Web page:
Driving in Europe
Except for driving on the left in Great Britain and Ireland, European road rules are similar enough to American ones that you'll get by fine. There are, however, some important differences.
Traffic jams in Europe often involve far more than cars—like bicycles, pedestrians, cows, sheep...
The Rules of the Road
The most important rule of thumb for driving in any foreign country is this: Accept that the locals know the rules of the road—both the traffic laws and the unspoken rules—far better than you do.
Take your lead from them and drive as they do, only more slowly and tentatively.
In fact, drive with an unusual degree of caution to avoid making too many mistakes (or at least avoid making them at high speed).
All of Europe drives on the right side of the road except the countries of the British Isles.
On multi-lane highways, do not just cruise along in the left lane (right lane British Isles).
In Europe, the fast lane truly is only for passing (or for cars with massive engines that spend their entire trips passing other cars).
In fact, passing other cars has been raised to a fate-tempting art form in Europe, wher eit is no unusual for someone to pass you at high speed on a blind curve (once, memorably, this happened to me inside a tunnel in Italy).
Please, pelase, please do not try this yourself.
If someone comes barelling up from behind and flashes their lights at you, it's a signal for you to slow down and drive more on the shoulder so that they can pass you more easily (two-lane roads here routinely become three cars wide).
I know: obvious one, right? Problem is, there's this persistent myth that there are no speed limits in Europe. This is untrue. Except for some parts of the German Autobahn, most European highways do indeed have speed limits of around 100 to 135 kilometers per hour (60 to 80 mph).
While traditionally speed limits in Europe were widely ignored and rarely enforced, in recent years this has been changing. More and more cops have begun writing speedng tickets and—more insidiously—more and more tickets are being issued automatically from traffic cams.
Since these tickets only find their way to you via the rental car company—and the rental company will tack on enormous fees of their own to pass them along to you—you would be very wise to stick to the posted limits.
In Europe, everything's measured in kilometers (mileage and speed limits). For a rough conversion, one kilometer equals a weensy bit more than 0.6 miles—so just divide the amount in half and add back ten percent.
In other words, to render 120km in miles, take half—60 miles—then add to that ten percent of 120—12 miles. So that's 60 + 12 for a total of 72 miles.
So if a road sign says the next town is 120km away, that's about 72 miles.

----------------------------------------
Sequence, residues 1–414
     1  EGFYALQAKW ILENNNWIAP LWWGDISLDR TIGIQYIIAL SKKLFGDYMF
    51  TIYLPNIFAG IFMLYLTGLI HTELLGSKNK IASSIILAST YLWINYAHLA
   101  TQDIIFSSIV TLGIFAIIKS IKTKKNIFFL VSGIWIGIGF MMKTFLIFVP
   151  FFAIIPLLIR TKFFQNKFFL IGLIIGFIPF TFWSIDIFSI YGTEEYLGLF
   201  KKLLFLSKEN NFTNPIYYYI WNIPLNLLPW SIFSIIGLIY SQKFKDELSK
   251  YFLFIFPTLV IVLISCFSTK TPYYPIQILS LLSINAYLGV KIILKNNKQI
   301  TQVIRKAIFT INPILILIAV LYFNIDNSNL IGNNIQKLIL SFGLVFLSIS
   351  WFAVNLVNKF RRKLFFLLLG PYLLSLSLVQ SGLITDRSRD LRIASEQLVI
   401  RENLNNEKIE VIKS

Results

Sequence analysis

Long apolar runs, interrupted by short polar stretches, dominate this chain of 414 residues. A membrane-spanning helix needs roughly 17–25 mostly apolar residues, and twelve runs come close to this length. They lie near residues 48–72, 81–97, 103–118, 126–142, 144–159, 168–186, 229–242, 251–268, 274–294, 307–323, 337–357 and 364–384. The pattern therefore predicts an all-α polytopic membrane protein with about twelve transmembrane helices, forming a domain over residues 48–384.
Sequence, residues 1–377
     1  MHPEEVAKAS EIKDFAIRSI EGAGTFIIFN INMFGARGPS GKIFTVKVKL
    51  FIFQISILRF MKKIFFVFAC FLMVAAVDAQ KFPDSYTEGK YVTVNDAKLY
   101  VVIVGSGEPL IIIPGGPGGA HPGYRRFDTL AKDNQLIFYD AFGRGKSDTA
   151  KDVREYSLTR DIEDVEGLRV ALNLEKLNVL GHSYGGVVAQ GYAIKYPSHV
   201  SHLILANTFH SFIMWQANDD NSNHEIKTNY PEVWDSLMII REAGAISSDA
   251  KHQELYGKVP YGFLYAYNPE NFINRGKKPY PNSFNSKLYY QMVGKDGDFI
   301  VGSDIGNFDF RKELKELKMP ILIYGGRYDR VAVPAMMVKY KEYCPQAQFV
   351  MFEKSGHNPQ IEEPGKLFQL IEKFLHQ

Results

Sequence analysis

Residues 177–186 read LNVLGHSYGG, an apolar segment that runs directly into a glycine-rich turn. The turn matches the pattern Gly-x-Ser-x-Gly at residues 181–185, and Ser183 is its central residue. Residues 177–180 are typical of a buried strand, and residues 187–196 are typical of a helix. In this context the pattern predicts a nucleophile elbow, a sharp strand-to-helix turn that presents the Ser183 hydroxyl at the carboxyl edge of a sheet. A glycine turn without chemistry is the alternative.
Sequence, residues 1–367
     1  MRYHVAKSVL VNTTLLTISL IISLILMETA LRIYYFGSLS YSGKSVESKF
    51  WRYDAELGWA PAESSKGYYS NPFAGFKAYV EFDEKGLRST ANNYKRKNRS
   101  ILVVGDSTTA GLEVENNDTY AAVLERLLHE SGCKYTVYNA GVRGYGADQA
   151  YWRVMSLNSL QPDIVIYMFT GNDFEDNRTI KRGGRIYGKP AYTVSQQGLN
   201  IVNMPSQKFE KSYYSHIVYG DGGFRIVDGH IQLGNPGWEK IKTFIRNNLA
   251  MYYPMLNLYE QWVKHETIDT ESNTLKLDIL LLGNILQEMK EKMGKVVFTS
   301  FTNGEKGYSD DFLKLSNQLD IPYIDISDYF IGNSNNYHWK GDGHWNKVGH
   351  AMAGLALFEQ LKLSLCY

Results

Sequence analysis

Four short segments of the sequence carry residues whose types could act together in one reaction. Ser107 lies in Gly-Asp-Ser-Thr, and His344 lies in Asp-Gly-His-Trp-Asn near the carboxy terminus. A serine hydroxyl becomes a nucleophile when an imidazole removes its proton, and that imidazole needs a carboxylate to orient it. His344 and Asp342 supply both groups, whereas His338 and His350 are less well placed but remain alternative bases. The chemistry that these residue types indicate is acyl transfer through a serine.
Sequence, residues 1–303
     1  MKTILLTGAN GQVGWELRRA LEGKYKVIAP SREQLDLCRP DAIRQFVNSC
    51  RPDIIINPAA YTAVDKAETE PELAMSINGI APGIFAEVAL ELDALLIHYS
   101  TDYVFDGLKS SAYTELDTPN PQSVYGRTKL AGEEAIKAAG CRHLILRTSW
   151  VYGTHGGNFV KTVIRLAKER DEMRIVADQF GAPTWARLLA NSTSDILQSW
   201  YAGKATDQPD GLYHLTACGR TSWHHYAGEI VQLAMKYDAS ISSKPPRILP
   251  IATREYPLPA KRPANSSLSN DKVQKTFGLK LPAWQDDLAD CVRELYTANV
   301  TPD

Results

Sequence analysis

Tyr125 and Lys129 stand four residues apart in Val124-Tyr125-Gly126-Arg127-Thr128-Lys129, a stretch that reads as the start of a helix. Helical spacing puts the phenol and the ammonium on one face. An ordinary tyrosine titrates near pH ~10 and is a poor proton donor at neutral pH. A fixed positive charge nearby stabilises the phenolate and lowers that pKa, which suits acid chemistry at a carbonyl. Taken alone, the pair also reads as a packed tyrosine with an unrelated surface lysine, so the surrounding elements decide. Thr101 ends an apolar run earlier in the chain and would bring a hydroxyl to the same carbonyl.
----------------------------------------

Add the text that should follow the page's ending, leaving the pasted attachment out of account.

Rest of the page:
If your speedometer says you're going 120 kph, that means you're going way too fast (remember: slow and cautious). Ease off to 100 kph or less (about 60 mph).
» More on metric conversions.
That gas may look reasonably priced, but remember the posted price is per liter, not per gallon—and it's in euros, not dollars.
For an American to get an accurate sense of how much gas costs, you have to multiply the per-liter price by 3.8 to get gallons (doing it in your head, just use 4), then multiply that by the current exchange rate (estimate about $1.35 to €1) to get it into dollars.
Then have someone with a defibrillator handy get your heart started again.
» More on metric conversions.
I cannot stress this enough: Assume the other drivers have a better idea of what they're doing than you do, and take your hints from them.
One thing to note: Most European drivers are much more aggressive than American ones. Be prepared, and leave the road rage at home.
Never leave anything visible in the car when you park it. When you check into a hotel, take all of your luggage ino your hotel with you, even if you won't be needing it that night (such as souvenir purchases).
» More on losing things.
Bring your driver's license, of course, But if you do plan to drive in Europe, you may want to bring (although it's not required) an International Driver's Permit and carrying it in addition to your regular driver's license (it merely translates the data into several languages). It costs $15 from AAA (you don't have to be a member).
If you are a AAA member, ask for any free info and maps they can send you to cover the countries in which you'll be driving.
If you rent a car within that country, the car already has one, but if you're crossing a border, check at the crossing station to see whether you need to purchase a sticker on the spot for a nominal fee.